A pilot provincial immigration stream is expected to fill Nova Scotia’s labour shortages in the continuing care and early childhood education sector, said Immigration Minister Lena Metlege Diab Wednesday.
The International Graduates in Demand immigration stream launched as a pilot in April 2021 and is expected to run for three years, according to a document released by the province which outlines eligibility criteria and application requirements.
The province held an announcement Wednesday outside Mount Saint Vincent University to promote the stream to students, graduates, and employers.
The stream is open for international students who recently graduated from programs offered by private career colleges and universities in Nova Scotia or by Nova Scotia Community College.
The applicant’s programs and skill set should match either of the following two categories:
“These two occupations were chosen because we know from labour market data and feedback from employers that there is high demand for them in Nova Scotia,” said Elizabeth MacDonald, a spokesperson with the Department of Immigration and Population Growth, in an email.
More occupations could be added to the stream as required, she said.
Previously, international graduates had to have one year of work experience before applying to immigrate through the Nova Scotia Nominee Program (NSNP) but this stream eliminated that requirement.
Applicants to the new stream must also have a full-time permanent job offer from a Nova Scotia employer in a position corresponding to the eligible categories before applying. Employers must have proof that they tried to recruit a Canadian citizen or permanent resident for the job before offering it to the applicant.
The program is one of nine NSNP streams where the province selects applicants whose skill set matches Nova Scotia’s labour market needs. The province nominated 1,900 candidates through NSNP in 2020, making up over half of Nova Scotia’s total approved applications for the year.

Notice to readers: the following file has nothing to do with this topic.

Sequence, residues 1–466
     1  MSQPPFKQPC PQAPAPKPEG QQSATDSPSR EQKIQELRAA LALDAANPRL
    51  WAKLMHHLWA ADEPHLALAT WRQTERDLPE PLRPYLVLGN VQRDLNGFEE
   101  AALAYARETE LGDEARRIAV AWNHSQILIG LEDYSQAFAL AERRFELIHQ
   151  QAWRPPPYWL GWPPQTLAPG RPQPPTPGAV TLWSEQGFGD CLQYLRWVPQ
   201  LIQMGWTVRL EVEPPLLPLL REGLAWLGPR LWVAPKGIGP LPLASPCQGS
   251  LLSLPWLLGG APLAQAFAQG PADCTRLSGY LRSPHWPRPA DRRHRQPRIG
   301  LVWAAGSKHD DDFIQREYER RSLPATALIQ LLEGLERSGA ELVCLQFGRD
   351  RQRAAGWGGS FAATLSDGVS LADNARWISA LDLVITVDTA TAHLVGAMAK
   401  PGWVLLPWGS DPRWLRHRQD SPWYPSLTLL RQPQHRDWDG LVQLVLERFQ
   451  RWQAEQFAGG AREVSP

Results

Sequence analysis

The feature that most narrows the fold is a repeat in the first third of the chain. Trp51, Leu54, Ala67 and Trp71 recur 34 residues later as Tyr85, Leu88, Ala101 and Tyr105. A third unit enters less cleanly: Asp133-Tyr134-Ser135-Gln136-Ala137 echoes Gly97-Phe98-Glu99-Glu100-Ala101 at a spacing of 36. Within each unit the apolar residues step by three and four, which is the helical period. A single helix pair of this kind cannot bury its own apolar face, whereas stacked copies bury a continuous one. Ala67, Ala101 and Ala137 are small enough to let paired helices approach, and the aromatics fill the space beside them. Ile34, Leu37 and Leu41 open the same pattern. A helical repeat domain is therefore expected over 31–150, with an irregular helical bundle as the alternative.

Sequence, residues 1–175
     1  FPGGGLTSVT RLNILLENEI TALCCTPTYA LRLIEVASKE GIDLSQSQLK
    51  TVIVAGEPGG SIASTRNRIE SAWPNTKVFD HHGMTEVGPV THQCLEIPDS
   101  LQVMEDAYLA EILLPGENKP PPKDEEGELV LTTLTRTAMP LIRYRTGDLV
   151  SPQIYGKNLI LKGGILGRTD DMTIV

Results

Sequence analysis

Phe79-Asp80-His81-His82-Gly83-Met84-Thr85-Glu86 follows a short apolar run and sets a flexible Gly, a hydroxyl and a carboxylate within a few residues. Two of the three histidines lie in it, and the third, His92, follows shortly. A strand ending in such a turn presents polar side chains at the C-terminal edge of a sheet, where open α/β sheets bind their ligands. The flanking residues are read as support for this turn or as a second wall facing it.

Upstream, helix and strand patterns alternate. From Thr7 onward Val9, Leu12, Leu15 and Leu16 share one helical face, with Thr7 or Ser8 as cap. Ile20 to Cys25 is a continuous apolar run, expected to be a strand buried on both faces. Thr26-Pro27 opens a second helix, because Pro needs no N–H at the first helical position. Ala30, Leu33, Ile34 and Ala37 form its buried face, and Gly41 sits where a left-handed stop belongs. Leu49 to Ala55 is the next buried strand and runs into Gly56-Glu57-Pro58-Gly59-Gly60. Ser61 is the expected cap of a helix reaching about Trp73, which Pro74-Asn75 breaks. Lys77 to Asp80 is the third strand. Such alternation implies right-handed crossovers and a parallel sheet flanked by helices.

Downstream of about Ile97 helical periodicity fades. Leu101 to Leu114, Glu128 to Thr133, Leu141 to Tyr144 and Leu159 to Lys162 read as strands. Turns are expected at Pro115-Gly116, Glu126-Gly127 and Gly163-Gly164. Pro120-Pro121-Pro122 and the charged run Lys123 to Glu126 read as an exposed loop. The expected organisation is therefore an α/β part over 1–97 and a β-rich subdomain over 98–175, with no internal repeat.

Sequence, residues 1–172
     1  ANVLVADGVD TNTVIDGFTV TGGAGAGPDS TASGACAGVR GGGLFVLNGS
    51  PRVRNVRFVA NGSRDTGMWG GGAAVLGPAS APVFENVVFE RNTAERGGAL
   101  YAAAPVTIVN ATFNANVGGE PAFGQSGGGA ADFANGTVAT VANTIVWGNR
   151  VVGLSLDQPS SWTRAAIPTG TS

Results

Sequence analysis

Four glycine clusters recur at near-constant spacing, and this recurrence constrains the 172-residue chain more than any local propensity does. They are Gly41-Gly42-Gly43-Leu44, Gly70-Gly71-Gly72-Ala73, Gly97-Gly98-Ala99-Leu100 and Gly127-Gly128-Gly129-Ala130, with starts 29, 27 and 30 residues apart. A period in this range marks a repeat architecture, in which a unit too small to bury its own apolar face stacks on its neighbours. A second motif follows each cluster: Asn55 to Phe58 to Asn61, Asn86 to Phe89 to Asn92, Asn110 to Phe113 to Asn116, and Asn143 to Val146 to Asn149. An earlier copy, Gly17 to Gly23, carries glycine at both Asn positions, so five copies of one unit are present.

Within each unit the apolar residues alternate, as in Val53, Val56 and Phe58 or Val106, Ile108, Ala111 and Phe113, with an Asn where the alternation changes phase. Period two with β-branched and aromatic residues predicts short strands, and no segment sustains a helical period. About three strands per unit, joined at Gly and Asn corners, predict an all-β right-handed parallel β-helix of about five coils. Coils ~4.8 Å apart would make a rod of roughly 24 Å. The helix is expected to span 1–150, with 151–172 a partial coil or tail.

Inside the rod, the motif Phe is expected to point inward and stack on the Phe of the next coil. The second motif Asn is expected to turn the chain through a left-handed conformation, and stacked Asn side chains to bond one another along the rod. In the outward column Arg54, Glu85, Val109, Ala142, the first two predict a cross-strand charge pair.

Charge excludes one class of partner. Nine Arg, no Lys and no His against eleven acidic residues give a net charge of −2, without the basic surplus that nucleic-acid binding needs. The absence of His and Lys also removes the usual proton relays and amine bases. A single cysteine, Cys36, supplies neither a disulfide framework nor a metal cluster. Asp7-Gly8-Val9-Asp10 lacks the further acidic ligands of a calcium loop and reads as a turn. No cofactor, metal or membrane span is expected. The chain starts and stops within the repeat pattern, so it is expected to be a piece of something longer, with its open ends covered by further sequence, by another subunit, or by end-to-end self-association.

Nova Scotia has had one applicant under the new stream to date. Yasmin Abdelmagid, a recent graduate of the Nova Scotia College of Early Childhood Education, is the first applicant to receive a nomination and is now working at a daycare in Halifax, said MacDonald.
Getting a nomination doesn’t mean that the applicant immediately becomes a permanent resident. Candidates who receive a provincial nomination must submit another application to IRCC within six months. After IRCC processes the application, the candidate, their spouse, and dependants, could be eligible for a permanent resident visa, also known as Confirmation of Permanent Residence (COPR).
As the applicant waits for their COPR, they can work as long as they have a valid work permit.
The document released by the province said there are no guarantees that a successful applicant will receive a COPR as the process is in IRCC’s hands.
In a previous interview, immigration lawyer Lee Cohen said slow IRCC processing times have been a long-standing hurdle for prospective immigrants regardless of the immigration stream they apply through, with many waiting years until their applications are processed.
He also said that many provincial or federal immigration programs in recent years have been burdened with “unnecessary bureaucracy” that render a good immigration idea into one that puts many obstructions in the path of applicants.
The result is a process where applicants need to take numerous steps, said Cohen, causing immigration staff to spend many hours processing applications as they verify and assess each step.
“These hurdles and challenges are there extensively to keep out cheaters, and well, I have no criticism about keeping out cheaters, but when you design your immigration system around the cheaters, then the non-cheaters, which represent most of the applicants, suffer,” he said.
In 2019, Nova Scotia had a record year for immigration, having welcomed 7,580 newcomers, up from 5,970 in 2018.
According to the province, Nova Scotia's current immigrant retention rate is 71 per cent, the highest in Atlantic Canada.
Nebal Snan, Local Journalism Initiative Reporter, The Chronicle Herald